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The four questions you need to answer before choosing a Career

17 Mar 2016

If you ever want to float a question in the interest of energizing a floundering barbecue or dinner party, try this one: How many times does the average person change careers in a lifetime?

Well, define your terms, people might say – and rightly so. Not every job is a career because everyone defines the terms differently. (See? People around you have perked up already.)

Then drill down to the matter of age. Although you might assume older workers might have more “staying power” than Millennials (1982-2004) – the average job tenure has still fallen from over 10 years in the 1970’s to 6 years 8 months currently. Workers under 25 are on average staying only 1 year and 8 months before changing jobs.

One significant study – “Multiple Generations @ Work” – revealed that 91 percent of millennials plan to stay in a job for less than three years, which means they will hold between 15 and 20 “positions” during their work lives. If we accept the commonly assumption of three positions before re-training or career change – that’s five to seven distinct careers in a lifetime! Clearly career changes are now common, regular and expected.

 

Forsee leads the way

Anyone who is trying to navigate the process of settling on a career knows the process can be fraught with stress, fear and indecision. How is it that one of the biggest decisions of our lives is most commonly made with just a “feeling”? Surely in this day and age we can use data driven research to improve the quality of the career decisions we make.

Fortunately, for people of any age, there is Forsee – a cutting edge, highly accurate psychometric testing tool that assesses 175 personality traits and interests and then suggests suitable career options based on those insights.

This new Paradox technology is based on over 25 years of research and takes only 20 minutes to complete. It reduces the stress of choosing a career. It mitigates the fear. And breeds confidence in your decisions. Following your completion of the online questionnaire the system provides you with a list of ranked list of suitable careers and information about each. From here you can shortlist your favourites and dig deeper into exactly what tasks you are likely to enjoy or dislike about individual careers.

With your shortlist of ideal career matches, you need to consider these four questions.

 

The four Career Choice questions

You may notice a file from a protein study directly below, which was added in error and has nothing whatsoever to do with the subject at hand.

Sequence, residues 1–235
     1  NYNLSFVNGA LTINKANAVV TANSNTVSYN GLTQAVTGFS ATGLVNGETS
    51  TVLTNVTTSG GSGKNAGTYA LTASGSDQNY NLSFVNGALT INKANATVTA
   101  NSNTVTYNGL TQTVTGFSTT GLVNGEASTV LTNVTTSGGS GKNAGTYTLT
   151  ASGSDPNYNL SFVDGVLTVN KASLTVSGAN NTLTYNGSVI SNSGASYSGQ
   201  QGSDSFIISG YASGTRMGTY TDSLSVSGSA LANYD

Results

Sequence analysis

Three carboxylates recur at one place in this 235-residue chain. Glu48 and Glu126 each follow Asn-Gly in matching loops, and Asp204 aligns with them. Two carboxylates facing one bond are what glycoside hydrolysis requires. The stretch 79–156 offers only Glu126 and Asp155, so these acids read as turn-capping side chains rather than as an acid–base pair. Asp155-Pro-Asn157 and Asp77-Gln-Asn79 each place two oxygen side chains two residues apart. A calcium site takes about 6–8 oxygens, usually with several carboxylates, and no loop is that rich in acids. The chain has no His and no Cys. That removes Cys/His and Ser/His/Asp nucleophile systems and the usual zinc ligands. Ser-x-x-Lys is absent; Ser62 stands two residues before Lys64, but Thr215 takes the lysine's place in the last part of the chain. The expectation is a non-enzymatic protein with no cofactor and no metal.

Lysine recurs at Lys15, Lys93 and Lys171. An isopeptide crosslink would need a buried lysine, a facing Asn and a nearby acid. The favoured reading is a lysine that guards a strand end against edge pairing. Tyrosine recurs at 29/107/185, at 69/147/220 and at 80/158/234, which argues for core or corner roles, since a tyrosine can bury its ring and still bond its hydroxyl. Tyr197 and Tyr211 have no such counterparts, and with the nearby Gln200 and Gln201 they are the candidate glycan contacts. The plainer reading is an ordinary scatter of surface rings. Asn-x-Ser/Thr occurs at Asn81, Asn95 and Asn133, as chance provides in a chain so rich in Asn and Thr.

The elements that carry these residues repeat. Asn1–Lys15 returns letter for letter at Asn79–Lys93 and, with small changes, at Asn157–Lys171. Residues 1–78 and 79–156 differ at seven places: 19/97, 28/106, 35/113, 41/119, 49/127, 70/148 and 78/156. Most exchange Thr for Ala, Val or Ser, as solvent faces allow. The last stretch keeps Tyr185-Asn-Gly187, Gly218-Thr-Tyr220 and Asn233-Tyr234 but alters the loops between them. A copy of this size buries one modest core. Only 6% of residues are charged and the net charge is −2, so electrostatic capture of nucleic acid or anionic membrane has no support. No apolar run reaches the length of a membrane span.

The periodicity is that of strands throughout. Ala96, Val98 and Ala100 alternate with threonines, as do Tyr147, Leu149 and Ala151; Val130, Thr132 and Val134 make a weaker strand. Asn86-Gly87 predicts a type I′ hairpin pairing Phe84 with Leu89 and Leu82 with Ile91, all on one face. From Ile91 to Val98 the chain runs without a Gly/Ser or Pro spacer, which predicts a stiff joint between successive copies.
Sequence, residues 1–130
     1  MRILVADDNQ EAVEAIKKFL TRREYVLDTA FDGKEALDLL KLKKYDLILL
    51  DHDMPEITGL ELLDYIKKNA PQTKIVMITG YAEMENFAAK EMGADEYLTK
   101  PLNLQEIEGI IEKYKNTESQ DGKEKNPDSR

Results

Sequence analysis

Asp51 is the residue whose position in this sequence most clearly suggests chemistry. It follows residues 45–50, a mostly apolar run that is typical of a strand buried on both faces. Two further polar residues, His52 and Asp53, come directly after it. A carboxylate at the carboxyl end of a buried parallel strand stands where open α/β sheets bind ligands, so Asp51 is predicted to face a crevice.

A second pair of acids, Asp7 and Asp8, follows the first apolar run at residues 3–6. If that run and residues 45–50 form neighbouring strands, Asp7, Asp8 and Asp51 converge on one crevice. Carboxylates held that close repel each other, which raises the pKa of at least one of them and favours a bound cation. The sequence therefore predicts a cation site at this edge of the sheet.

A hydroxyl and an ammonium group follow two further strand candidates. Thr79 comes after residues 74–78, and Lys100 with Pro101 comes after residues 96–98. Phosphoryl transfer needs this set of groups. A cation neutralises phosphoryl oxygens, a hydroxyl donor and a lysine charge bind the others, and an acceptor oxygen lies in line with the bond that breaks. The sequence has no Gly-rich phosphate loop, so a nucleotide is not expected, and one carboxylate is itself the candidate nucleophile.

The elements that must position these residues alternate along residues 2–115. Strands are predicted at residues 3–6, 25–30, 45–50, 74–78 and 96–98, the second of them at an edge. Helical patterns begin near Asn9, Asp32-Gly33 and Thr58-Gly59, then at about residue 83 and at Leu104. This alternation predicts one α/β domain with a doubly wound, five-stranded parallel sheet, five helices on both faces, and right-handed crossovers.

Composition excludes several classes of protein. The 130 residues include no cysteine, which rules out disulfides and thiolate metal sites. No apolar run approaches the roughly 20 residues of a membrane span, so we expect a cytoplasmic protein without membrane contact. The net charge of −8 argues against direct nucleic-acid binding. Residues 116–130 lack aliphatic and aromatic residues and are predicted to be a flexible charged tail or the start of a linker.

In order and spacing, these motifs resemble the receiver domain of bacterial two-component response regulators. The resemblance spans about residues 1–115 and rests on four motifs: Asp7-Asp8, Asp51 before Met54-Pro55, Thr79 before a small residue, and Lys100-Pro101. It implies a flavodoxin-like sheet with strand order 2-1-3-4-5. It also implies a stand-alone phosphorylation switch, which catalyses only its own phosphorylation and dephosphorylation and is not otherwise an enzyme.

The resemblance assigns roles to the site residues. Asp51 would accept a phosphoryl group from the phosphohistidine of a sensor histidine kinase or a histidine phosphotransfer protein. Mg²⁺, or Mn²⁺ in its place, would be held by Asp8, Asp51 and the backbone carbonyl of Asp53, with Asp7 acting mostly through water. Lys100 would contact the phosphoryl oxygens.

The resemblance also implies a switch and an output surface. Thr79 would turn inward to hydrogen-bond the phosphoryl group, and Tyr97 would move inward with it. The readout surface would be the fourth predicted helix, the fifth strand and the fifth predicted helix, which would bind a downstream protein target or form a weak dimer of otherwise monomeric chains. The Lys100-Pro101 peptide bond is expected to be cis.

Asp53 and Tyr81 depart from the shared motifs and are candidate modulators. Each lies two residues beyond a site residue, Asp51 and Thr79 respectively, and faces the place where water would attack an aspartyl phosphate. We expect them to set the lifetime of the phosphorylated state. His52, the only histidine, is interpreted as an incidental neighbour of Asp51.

The four questions on our checklist are:

1. Does this career sound interesting?

Not everyone is “hard-wired” to jump and down, heart pumping, over a career in order to thrive in it. But on some gut level, the career should appeal to you and trigger a desire to learn more about it.

2. Does this career involve tasks that you could see yourself enjoying and doing with success?

Now here’s a question worthy of serious thought – and perhaps future exploration with a someone who belongs to that career group. Every job – and career – involves tasks that are mundane or underwhelming. But overall, you should be able to picture yourself in the career – and the picture should be positive.

3. Will this career fulfil your essential needs?

Forsee can help you identify the drivers which are most important to you. They can be thought of as life themes and it’s like swimming against the tide if you ignore them. You need to know your true priorities, be they the promise of challenge, opportunity or advancement, work-life balance or high salary. (your answer might be “all of the above.”)

4. Is this career choice in demand in the marketplace?

Up to this point, you might think that choosing a career is purely an emotional decision. But it pays to be practical, at least if you wish to remain gainfully employed and earning an income. After all, none of us want to be like the people who were selling horse shoes when cars were taking over. Speak to people in the industry you’re interested into get the lay of the land. When it comes to career forecasts, the Australian government Job Outlook can be a great help.

 

The biggest driver of success is enjoyment

Research shows the single biggest driver of career success is Enjoyment. You are actually three times more likely to be successful if you enjoy at least 75% of the main tasks involved in a career. Forsee ability to predict whether a career is a suitable match for your distinctive combination of personality traits and interests is unrivalled. You no longer have to navigate the unknown with just gut instinct. Use data driven research derived from the people who have gone before you and give yourself the best chance of making a great career choice!

Forsee is currently available for a no obligation trial here and includes a free report on Your Greatest Strengths.

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